Heart Rate Recovery After Exercise Is a Predictor of Silent Myocardial Ischemia in Patients With Type 2 Diabetes

  1. Fumihiko Saeki, MD, PHD
  1. Department of Cardiology, Toshiba Hospital, Tokyo, Japan
  1. Corresponding author: Tomohide Yamada, bqx07367{at}yahoo.co.jp.


OBJECTIVE Slow heart rate recovery (HRR) predicts all-cause mortality. This study investigated the relationship between silent myocardial ischemia (SMI) and HRR in type 2 diabetes.

RESEARCH DESIGN AND METHODS The study enrolled 87 consecutive patients with type 2 diabetes and no chest symptoms. They underwent treadmill exercise testing and single-photon emission computed tomography imaging with thallium scintigraphy. Patients with abnormal myocardial perfusion images also underwent coronary angiography.

RESULTS SMI was diagnosed in 41 patients (47%). The SMI group showed slower HRR than the non–SMI group (18 ± 6 vs. 30 ± 12 bpm; P < 0.0001). HRR was significantly associated with SMI (odds ratio 0.83 [95% CI 0.75–0.92]; P = 0.0006), even after adjustment for maximal exercise workload, resting heart rate, maximum heart rate, rate pressure product, HbA1c, use of sulfonamides, and a history of cardiovascular disease.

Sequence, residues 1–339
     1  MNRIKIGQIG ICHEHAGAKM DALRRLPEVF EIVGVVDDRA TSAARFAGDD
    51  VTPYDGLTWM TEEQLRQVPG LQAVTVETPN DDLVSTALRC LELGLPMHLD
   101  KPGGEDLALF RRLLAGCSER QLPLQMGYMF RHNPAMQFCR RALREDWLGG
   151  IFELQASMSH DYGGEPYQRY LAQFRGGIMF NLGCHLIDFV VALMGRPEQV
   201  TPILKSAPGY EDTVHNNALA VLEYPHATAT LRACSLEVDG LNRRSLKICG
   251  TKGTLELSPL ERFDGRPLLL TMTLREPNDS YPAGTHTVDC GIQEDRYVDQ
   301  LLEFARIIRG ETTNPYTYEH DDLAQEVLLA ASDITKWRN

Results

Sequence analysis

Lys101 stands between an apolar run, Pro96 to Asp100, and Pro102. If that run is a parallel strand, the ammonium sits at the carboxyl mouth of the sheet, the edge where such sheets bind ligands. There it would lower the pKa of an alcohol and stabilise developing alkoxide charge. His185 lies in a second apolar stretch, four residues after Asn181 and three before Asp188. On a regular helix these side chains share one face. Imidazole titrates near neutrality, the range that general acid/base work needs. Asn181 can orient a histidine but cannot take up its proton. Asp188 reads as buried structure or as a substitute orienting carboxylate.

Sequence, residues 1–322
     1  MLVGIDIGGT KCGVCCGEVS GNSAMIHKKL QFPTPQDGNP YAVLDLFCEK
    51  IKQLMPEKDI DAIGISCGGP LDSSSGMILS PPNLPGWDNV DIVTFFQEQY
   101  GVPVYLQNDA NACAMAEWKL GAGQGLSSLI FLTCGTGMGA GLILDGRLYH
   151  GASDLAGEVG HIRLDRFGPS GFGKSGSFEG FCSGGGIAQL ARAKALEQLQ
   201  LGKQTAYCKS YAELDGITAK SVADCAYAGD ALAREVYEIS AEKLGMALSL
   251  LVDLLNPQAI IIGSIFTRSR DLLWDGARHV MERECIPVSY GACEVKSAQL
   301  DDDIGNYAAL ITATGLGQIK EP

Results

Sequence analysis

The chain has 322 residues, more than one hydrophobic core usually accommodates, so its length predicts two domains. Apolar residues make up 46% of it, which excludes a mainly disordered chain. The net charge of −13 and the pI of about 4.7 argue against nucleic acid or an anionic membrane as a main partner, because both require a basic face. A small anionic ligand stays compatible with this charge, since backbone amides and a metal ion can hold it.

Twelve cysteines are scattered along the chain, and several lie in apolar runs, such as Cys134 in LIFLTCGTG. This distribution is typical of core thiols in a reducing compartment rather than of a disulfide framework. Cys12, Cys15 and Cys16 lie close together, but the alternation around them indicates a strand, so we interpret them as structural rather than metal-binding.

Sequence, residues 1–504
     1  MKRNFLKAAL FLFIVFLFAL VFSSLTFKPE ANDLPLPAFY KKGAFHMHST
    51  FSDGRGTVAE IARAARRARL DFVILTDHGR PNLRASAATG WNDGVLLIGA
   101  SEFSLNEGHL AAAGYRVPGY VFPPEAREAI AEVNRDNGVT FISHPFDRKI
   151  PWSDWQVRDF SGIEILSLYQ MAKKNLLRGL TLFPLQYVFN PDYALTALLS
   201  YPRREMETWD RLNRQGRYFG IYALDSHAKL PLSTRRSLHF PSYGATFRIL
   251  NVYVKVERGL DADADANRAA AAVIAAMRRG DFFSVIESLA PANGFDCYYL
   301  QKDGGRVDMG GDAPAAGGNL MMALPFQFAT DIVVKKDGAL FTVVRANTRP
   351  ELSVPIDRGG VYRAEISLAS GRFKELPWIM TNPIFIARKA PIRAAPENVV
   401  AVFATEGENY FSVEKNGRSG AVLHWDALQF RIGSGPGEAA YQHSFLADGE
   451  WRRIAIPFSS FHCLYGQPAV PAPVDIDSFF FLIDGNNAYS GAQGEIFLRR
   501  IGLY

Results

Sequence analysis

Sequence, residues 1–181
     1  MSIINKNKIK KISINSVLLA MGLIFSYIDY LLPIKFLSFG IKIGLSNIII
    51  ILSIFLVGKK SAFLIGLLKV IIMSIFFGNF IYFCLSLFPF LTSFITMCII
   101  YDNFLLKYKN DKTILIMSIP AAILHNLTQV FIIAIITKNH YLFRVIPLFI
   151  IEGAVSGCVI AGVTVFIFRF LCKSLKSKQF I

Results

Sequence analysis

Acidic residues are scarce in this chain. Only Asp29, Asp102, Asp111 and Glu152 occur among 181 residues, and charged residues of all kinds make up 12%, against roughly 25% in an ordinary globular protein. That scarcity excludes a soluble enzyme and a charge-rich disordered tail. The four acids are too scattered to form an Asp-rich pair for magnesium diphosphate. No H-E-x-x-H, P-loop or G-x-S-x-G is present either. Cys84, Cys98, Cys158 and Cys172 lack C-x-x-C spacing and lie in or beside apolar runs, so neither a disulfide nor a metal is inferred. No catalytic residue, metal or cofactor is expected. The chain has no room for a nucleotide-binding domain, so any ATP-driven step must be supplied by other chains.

CONCLUSIONS HRR can predict SMI in patients with type 2 diabetes.

  • Received July 23, 2010.
  • Accepted December 8, 2010.

Readers may use this article as long as the work is properly cited, the use is educational and not for profit, and the work is not altered. See http://creativecommons.org/licenses/by-nc-nd/3.0/ for details.

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  1. Diabetes Care vol. 34 no. 3 724-726
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